English Sayings and Idioms With Greek Origins
- by XpatAthens
- Monday, 05 August 2019
The majority of English sayings with Greek origins have emerged from Greek myths and stories. Here some widely used English sayings and phrases that have a decidedly Greek touch.
Between a rock and a hard place
Between a rock and a hard place, means having to choose between two evils. In Homer's Odyssey, Odysseus had to pass between two sea monsters, Scylla and Charybdis, who dwelled on opposite sides of the strait of Messina. Odysseus chose to pass by Scylla, the lesser of the two evils, thinking he would lose fewer men, than passing through Charybdis, the whirlpool.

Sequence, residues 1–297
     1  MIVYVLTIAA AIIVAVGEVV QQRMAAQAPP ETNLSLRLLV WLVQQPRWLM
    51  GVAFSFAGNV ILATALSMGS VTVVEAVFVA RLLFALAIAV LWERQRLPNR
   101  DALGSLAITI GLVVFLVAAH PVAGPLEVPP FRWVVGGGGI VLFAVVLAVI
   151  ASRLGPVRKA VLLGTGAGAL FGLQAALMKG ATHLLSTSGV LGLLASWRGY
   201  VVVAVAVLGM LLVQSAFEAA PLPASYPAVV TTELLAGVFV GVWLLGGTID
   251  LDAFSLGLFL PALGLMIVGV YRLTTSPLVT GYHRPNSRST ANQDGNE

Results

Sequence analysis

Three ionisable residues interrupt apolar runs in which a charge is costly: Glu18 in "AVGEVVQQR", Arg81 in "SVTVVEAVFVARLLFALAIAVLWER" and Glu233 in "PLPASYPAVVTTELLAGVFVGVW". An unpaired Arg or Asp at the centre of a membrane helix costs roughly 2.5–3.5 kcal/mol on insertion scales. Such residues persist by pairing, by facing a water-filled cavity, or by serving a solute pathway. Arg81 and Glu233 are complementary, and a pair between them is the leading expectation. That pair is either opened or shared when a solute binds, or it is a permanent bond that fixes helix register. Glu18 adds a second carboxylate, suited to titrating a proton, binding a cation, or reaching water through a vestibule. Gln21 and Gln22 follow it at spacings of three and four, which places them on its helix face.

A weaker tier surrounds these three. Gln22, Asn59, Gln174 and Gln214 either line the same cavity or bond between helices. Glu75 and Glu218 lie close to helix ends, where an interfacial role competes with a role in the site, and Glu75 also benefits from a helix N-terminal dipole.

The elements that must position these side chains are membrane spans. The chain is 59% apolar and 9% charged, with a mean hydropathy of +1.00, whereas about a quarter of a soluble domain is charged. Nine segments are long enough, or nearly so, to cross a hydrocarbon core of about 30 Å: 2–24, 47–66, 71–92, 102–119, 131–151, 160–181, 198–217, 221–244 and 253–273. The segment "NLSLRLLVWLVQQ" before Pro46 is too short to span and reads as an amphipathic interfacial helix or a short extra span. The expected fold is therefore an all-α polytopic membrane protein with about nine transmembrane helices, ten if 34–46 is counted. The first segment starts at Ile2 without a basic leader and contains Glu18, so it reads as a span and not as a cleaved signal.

Knock On Wood
The habit of touching/knocking on wood, to avoid bad luck, or to bring good luck, goes back to ancient Greece, where it was believed that wood nymphs called dryads lived inside trees. The ancient Greeks would touch a tree, hoping to invoke good luck or protection from the wood nymphs dwelling within.